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‘If there’s more injury, we’ll see later, remove the brace for now’: Bajrang Punia told physio before winning bronze at Tokyo Olympics | Tokyo Olympics News – Times of India

NEW DELHI: A knee injury just over a month before the Tokyo Olympics threatened to derail Bajrang Punia‘s campaign. At a tournament in Russia, Bajrang twisted his right knee. From that point till arriving in Japan, he went silent.
The sight of Bajrang Punia wrestling with a brace on his right knee in Tokyo worried fans. The opponents too knew the Indian was mentally on the back foot because of his injury. So Bajrang was worried too. In the semifinals, India’s hopes of a 65kg wrestling gold ended. Bajrang lost to Haji Aliyev of Azerbaijan.
He went into his shell for a while after the defeat, before coming to terms with the fact that he had to compete with the injury. The chance to win gold had gone. But bronze was still a possibility. On match-day, he told his physio, “Take the brace off, enough.” And he went on to beat Kazakhstan’s Daulet Niyazbekov to finish on the podium with a bronze in his Olympic debut.

TimesofIndia.com was part of the media group invited to a virtual press conference with Bajrang, where he narrated his Tokyo journey.
Disappointment of missing gold…
I am disappointed that I couldn’t do what India expected of me. I was away from the mat for 20-25 days after injuring my knee a month and a half ago. I could feel the shortcomings (in my play) because of that. My leg was not moving the way it should have. But there are three years (before Paris 2024). I will definitely try for gold medal in Paris.

PTI Photo
The injury in Russia…
The doctor (in Russia) advised me to rest, but I could not. He advised me to go back to India. I told him that training is more important, and that travelling was risky due to Covid. I told him whatever rehab is needed, tell me. I will follow that. My physio was there, treated me and it helped. Whatever they said, I did. I told them I just want to fix it. Whatever they told me to exercise, I did that 3-4 times a day. I stopped sleeping during the day, so that I could exercise as much as possible to fix it.
I would also like to thank the Indian Embassy in Russia. They helped a lot, provided everything. Our training base was a small place, with not many things were available. So the Embassy and SAI ensured everything was available for me there.

Do you regret playing the tournament in Russia?
I played to gauge my performance. I hadn’t played for a while (chose to skip the Poland ranking event before going to Russia). I was training in Russia and there was a tournament there. So I planned with the coach to participate. As far as injury, my sport is such that injuries can happen in training as well. It is a contact sport, we need to spar. So injury can happen anywhere. In fact, there is more of a chance of getting injured in training than in a tournament, because in a tournament we are focused but in training we try various things.

After the defeat in semis…
I slept early after that because I didn’t want to talk about it to anybody. What had happened had happened. I had to focus on bringing my weight back the next morning (in case it overshot above 65kg overnight).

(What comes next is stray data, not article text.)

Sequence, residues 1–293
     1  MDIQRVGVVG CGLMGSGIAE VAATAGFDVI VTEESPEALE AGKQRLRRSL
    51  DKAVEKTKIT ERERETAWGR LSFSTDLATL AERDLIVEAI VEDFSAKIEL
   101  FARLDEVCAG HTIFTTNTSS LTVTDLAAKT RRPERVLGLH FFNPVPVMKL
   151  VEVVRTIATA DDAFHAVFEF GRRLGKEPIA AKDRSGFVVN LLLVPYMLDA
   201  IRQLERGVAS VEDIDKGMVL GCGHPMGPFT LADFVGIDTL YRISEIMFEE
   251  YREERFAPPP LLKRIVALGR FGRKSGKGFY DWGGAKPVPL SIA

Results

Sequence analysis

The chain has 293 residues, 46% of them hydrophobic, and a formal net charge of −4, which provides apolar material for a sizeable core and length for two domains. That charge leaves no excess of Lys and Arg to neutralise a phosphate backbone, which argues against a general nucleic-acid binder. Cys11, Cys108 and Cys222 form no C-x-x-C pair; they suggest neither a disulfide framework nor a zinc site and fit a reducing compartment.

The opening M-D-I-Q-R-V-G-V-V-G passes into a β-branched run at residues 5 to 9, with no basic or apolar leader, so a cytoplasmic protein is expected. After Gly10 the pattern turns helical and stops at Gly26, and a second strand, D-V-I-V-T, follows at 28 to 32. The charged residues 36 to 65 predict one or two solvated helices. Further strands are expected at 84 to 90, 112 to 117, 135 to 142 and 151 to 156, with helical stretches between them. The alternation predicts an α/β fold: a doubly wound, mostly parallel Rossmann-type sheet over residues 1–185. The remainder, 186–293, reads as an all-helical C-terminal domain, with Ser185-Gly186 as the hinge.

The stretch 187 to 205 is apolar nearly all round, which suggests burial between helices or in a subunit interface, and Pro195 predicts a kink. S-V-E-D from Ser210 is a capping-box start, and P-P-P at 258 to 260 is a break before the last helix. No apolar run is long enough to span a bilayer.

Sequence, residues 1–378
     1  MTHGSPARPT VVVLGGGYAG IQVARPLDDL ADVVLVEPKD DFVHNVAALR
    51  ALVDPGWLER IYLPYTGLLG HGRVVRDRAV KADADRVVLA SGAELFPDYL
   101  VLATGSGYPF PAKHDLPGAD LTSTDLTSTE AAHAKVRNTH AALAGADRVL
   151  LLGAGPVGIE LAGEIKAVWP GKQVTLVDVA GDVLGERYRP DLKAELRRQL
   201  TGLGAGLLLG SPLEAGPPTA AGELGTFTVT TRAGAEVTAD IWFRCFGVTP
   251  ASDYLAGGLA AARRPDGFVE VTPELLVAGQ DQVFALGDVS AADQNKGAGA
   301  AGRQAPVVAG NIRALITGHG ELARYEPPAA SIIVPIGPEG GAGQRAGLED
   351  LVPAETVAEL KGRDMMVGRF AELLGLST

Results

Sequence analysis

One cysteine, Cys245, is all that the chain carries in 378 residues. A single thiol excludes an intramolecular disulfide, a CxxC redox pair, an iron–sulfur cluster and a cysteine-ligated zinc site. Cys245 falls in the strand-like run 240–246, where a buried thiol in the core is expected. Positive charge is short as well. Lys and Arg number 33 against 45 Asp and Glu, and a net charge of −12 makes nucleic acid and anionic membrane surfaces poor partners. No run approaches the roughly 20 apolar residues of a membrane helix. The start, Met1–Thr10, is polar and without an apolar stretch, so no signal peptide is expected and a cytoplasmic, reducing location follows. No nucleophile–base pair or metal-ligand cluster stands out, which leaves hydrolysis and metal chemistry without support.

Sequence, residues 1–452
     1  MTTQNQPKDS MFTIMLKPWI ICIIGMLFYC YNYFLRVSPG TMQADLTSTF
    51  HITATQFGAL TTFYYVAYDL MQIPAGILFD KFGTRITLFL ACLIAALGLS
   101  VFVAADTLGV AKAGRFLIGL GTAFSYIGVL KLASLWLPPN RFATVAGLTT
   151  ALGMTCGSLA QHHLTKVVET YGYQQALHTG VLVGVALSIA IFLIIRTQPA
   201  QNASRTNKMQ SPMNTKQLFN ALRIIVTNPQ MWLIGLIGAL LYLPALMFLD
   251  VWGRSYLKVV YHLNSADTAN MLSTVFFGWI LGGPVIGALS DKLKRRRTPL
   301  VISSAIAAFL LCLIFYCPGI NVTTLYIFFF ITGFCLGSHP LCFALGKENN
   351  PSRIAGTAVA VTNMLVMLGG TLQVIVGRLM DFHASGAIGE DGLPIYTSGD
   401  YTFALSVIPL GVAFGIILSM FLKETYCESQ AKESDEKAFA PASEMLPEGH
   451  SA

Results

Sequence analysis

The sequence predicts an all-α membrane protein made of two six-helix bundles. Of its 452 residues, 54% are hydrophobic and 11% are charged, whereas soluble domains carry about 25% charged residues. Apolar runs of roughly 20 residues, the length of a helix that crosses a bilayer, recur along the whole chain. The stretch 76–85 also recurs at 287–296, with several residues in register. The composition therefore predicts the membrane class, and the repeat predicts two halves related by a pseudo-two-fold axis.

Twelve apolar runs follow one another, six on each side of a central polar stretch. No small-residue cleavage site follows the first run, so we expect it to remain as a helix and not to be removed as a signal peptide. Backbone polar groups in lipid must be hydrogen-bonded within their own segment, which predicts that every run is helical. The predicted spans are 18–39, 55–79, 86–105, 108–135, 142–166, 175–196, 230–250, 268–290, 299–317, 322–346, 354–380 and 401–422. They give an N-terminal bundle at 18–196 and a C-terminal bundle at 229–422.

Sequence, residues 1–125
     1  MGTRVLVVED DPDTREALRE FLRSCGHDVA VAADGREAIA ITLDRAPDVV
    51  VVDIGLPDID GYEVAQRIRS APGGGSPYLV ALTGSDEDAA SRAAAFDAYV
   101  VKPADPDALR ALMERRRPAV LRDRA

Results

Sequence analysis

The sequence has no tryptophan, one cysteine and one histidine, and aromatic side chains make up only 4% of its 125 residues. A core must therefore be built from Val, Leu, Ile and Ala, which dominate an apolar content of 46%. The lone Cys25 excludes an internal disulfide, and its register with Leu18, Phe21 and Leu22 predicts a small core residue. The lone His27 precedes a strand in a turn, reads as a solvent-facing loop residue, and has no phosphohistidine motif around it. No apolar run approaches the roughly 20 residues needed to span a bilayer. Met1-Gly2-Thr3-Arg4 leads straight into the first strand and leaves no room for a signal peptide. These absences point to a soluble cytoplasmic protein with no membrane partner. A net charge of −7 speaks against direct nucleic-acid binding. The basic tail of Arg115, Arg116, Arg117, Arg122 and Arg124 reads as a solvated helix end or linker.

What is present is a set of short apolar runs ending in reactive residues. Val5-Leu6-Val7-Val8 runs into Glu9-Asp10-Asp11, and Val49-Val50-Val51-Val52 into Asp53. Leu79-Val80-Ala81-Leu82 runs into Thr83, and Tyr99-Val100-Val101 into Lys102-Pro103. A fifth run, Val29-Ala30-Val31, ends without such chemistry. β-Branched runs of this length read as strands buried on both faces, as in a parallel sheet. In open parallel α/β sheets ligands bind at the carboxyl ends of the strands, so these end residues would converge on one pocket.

A brace is never comfortable…
There was pain in the knee, so the brace was given by the physio. I couldn’t take risks in the first few bouts in Tokyo. But in the last (bronze-medal) bout, I said I won’t wear it. Medal mattered the most. I will get time to fix my injury after the bout. So I went all out to win the medal and didn’t wear anything (brace). I don’t feel comfortable in it ever. The physio asked me to wear it for my benefit, so that my injury doesn’t worsen. He is an expert in that. But I requested him to not tape the knee for the bronze-medal match. If there is (more) injury, we will see later.
The takeaways…
Every tournament teaches you. Olympic competition may not give you a chance to correct your mistakes, and it happens every four years, while tournaments like the World Championships keep happening. The Olympics is the biggest dream of every athlete, I was training for the same. Now I will work on my shortcomings. I learned that we can do nothing if we take pressure. To win, we have to play with a free mind.

ANI Photo
Reactions back home…
All parents want their kids to win a medal. They said this bronze is worth gold because they knew about my injury. They were concerned and disappointed when the injury happened at such a crucial time. After I lost in the semis, I called home. My mother said, “I wasn’t focused on your wrestling, but on your knee, because I was so worried. Winning and losing is part of the game.” Now when I return home, the first thing I will have is the ‘choorma’ made by my mom.

The road ahead, decision on coach…
There is the World Championship in October and the Asian Games & Commonwealth Games next year, so I have to work on rehab for now. I haven’t thought of the future as far as my coaching is concerned. Right now we are talking about what we could have done better in Tokyo and improve on that.
Switching weight categories going ahead?
I will continue to play in the 65kg category, won’t switch to 74kg.

(Tokyo 2020 silver medallist Ravi Dahiya, left, and Bajrang – Photo courtesy Bajrang Punia Twitter)
Overall a disappointing wrestling campaign for India?
I was also thinking we will get 3-4 medals in wrestling. We couldn’t do that. Deepak (Punia) lost his medal in 10 seconds. That hurt us a lot. But I would urge all to not criticise those who couldn’t win a medal. Love them even more, in fact.
Would you like to dedicate this medal to anyone?
In Covid, many warriors have lost their lives and some are still fighting for us. So I would dedicate this medal to those Covid warriors.




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